My nephew, Elijah, had his first seizure when he was 18 months old. Initially, he experienced myoclonic seizures, which are brief muscle contractions that made his muscles stiffen, his arms lift up and his head jerk back. He then developed atonic seizures, in which his muscle lost tone — his muscles would go limp and he would drop to the ground. Elijah was diagnosed with Lennox–Gastaut syndrome, a difficult-to-treat epilepsy that causes multiple daily seizures and severe cognitive impairment.

High-fat foods, such as cream and butter, are part of the ketogenic diet that can help reduce seizure frequency and intensity in children with epilepsy. Credit: Farlap/Alamy

Over the following 12 months, Elijah's doctors treated him with several antiepilepsy drugs to reduce or stop his seizures. Some of the prescribed medication provided short-lived relief, but there were side effects that included bloating and drowsiness. By the time he was two-and-a-half, Elijah was experiencing more than 50 seizures a day, including generalized tonic–clonic seizures in which the muscles tense and contract and cause convulsions. Falls during his atonic seizures resulted in head injuries, so he started to wear a helmet. His cognitive development stopped. He wasn't speaking or making any attempts to communicate.

At this point, Elijah's neurologist told my sister, Elijah's mother, about the ketogenic diet — low in carbohydrate and high in fat — that may help reduce or stop seizures. My sister was sceptical. A diet that would stop seizures seemed unlikely. Many neurologists were once unwilling to consider the ketogenic diet as a treatment for epilepsy because only anecdotal results were available, but trials conducted in the past decade are prompting a rethink (see 'How fats help epilepsy').

Seizure control

The concept of using food to help treat disease is not new. Ancient Greek texts contain references to dietary therapies for epilepsy, stemming from the observation that starvation stops seizures. Centuries later, in the 1920s and 1930s, doctors commonly prescribed the ketogenic diet for epilepsy in children. During fasting, and in people with diabetes, the liver metabolizes fatty acids into ketone bodies called β-hydroxybutyrate, acetoacetic acid and acetone that are used as an energy source when glucose levels are low. No one knows exactly why, but some evidence suggests that ketone bodies might protect against seizures1. A low-carbohydrate, high-fat diet creates the state of ketosis — the raised level of ketone bodies, from which the diet gets its name. The ketogenic diet fell out of favour from 1938, following the availability of a drug called phenytoin that controls the brain's electrical activity and helps to reduce the frequency of seizures. Still, about 30% of epilepsies do not respond to pharmaceuticals, which prompted the search for alternative treatments.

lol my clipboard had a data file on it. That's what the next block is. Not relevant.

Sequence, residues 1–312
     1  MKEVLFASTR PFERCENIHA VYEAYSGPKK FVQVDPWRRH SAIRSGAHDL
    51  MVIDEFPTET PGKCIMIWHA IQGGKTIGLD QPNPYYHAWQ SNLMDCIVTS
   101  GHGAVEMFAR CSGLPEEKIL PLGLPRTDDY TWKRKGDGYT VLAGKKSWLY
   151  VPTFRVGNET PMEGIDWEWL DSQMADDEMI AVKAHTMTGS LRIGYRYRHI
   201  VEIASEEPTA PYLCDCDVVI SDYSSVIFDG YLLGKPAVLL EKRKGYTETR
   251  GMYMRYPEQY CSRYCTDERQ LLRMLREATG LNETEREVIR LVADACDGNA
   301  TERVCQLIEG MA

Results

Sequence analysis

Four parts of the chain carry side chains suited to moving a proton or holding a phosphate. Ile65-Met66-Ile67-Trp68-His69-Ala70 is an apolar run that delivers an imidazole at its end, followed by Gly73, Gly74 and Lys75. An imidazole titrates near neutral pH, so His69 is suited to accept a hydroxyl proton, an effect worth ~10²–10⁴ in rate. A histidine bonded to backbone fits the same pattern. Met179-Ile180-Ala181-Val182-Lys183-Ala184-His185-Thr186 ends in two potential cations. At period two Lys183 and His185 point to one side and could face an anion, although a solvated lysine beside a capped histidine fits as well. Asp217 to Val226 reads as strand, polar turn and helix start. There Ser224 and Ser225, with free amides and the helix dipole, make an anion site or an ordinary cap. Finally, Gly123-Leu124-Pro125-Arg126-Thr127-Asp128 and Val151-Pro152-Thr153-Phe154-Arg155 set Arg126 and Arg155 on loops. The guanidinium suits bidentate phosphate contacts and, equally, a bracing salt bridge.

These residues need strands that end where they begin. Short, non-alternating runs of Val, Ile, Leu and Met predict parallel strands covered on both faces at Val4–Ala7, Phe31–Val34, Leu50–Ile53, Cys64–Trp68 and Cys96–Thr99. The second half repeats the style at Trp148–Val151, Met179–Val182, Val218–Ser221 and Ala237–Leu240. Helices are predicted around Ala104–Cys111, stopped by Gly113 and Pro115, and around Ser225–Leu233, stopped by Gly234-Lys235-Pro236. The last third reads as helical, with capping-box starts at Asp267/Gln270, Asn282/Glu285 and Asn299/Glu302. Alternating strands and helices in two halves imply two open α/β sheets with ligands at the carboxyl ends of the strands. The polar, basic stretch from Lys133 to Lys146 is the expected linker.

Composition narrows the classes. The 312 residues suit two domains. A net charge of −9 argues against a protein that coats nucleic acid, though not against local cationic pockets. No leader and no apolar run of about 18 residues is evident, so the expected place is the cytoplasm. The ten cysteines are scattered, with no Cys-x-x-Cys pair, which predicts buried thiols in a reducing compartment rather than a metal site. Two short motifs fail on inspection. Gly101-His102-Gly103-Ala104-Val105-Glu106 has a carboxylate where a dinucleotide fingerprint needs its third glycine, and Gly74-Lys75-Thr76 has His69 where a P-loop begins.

Russell Wilder, a metabolic-disease expert at the Mayo Clinic in Rochester, Minnesota, devised the classic ketogenic diet in 1921. It consists of a weight ratio of 3:1 or 4:1 of fat to a combination of protein and carbohydrate. This means that about 90% of daily calories come from fats, compared with the less than 35% recommended by US Department of Health and Human Services. The ratio is achieved by cutting out grains and adding cream and butter to meals. A ketogenic diet may cause short-term side effects such as constipation and nausea. Longer-term side effects include slowed growth in children and increased risks of bone fractures and kidney stones.

For my sister, the turning point came after Elijah's fourth failed drug. He started the diet in hospital and, under a nutritionist's supervision, was seizure free within six weeks.

Elijah's story is not unique. Some children who continue to have seizures in spite of treatment with antiepileptic medication experience an improvement on a ketogenic diet. Paediatric neurologist Eric Kossoff of Johns Hopkins Hospital in Baltimore, Maryland, is a leading proponent of the diet and says that of patients who do not respond to an antiepileptic drug, 30% will respond to the next drug they try and 50% will respond to the diet. In the past decade, the short-term success of the diet has been confirmed in four randomized controlled trials2, the largest of which enrolled 145 children at London's Great Ormond Street Hospital, and was led by childhood-epilepsy specialist Helen Cross. “About 40% got a more than 50% reduction in seizures,” says Cross, and 10% became completely seizure free. Other beneficial effects of a ketogenic diet include statistically significant improvements in attention, social function and sleep patterns3.